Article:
CFM International's CFM56 product line continues to lead the industry, powering the majority of all new, large, commercial aircraft ordered in 1994 and in the first four months of 1995.
CFM International (CFMI) was established in 1974 as a 50/50 joint company of Snecma (Safran Group) and General Electric of the United States. Today, there are more than 10,000 CFM56 engines in service, or on order, with nearly 200 customers in 76 countries. Over the past decade, CFMI has gained a 37 percent share of the overall 100+ passenger commercial aircraft market.
In 1994, CFM56 engines were chosen to power about 65 percent of the 352 firm and option aircraft ordered. This market share is based upon all orders for aircraft with a capacity of 100 passengers or more, including those aircraft for which CFM56 engines are not offered. In addition, CFM56 engines have been selected to power 138 of the 178 aircraft ordered through 30 April in 1995.
The newest engine in the CFM56 family, the CFM56-7, has been designed to power next-generation Boeing 737-600/-700/-800 series aircraft. Rated from 18,500 to 26,400 pounds (82 to 117 kN) takeoff thrust, the CFM56-7 offers better performance, improved acoustics and emissions levels, and lower cost of ownership than the CFM56-3 engines that power the current-generation 737.
The CFM56-7 is being developed using an integrated team approach, which has involved Boeing and airline customers in the design process from the beginning. The CFMI/Boeing design team has undertaken such initiatives as the Propulsion System Service Ready and the Computer-Aided Design programs to ensure that the right product is delivered on time.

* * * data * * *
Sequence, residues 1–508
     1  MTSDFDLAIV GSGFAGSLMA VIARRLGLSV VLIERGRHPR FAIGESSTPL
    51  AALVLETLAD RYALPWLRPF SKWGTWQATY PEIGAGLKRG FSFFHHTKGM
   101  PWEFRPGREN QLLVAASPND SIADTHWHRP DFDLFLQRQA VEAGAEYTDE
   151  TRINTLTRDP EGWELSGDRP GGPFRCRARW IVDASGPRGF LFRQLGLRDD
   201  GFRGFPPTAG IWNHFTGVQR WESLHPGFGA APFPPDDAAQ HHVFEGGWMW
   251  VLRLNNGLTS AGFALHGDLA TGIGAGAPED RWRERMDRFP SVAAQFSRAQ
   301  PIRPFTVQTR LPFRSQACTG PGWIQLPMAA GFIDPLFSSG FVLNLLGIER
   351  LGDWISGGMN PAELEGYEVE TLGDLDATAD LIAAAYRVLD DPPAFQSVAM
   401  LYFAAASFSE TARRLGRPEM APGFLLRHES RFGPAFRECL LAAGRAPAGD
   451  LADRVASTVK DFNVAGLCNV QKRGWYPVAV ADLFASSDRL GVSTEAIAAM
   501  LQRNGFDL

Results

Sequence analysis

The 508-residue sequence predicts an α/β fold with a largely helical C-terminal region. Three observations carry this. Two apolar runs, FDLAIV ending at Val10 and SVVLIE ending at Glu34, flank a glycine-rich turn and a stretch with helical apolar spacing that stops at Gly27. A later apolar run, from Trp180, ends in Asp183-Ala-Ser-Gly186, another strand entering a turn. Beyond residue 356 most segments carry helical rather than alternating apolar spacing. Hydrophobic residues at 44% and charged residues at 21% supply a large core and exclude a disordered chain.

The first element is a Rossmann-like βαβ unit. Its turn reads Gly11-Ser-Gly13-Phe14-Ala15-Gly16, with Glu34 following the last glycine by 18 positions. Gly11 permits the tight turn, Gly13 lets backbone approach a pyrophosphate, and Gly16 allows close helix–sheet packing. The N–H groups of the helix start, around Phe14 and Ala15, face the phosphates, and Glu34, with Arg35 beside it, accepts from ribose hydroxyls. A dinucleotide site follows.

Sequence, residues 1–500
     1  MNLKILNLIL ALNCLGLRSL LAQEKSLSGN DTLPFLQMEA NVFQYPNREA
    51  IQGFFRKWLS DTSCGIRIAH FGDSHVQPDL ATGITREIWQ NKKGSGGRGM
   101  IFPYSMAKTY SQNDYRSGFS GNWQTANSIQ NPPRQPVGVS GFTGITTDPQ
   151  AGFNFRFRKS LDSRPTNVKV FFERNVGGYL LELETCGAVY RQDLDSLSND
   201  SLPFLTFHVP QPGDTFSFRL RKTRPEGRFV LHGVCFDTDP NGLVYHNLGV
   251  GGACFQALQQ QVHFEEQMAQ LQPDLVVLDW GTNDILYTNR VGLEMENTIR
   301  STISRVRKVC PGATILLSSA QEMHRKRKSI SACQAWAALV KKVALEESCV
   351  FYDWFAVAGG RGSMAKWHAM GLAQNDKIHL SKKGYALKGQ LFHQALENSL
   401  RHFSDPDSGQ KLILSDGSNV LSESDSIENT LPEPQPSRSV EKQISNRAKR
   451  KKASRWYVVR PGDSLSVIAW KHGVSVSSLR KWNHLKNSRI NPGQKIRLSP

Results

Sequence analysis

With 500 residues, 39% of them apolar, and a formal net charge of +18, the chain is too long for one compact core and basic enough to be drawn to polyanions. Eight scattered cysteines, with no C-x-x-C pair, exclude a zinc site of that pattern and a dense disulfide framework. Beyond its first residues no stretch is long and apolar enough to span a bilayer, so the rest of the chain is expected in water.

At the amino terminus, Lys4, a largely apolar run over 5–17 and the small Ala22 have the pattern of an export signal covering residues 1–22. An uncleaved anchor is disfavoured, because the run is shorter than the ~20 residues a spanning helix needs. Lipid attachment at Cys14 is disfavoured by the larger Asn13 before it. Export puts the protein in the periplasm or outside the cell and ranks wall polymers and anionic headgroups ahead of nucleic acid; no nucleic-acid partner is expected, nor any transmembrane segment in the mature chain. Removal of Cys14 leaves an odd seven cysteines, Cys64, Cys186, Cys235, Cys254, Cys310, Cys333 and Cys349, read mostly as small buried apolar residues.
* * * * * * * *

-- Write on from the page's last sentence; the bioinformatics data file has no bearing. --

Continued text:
The CFM56-7 is a state-of-the-art engine that features solid, wide chord fan blades, 3D aero design, new materials technology, an advanced FADEC (Full Authority Digital Electronic Control) system, and the optional low NOx Double Annular Combustor (DAC). Thus, the engine provides airlines with the most advanced technology while retaining the reliability and maintainability that have made the CFM56 family the industry leader.
The first CFM56-7 engine went to test on schedule at Snecma (Safran Group) facilities in Villaroche on 28 April, paving the way for first flight on a modified Boeing 747 flying testbed in January 1996, and engine certification the following October, less than 40 months after program launch.
The engine has operated for a total of more than 13 hours to date and has achieved its rated thrust. In addition to the initial break-in run, the CFM56-7 has also completed power calibration and preliminary performance runs. Initial data analysis indicates that results meet all pre-test predictions.
Over the next few months, the engine will continue to run performance evaluation and fan mapping tests. The CFM56-7 is scheduled for first flight on the Boeing 737-700 in early 1997 and will enter service with Southwest Airlines that fall. The CFM56-7-powered 737-800 enters service in March 1998 with Hapag Lloyd, while the 737-600 is scheduled to enter service with Scandinavian Air Systems in August 1998.
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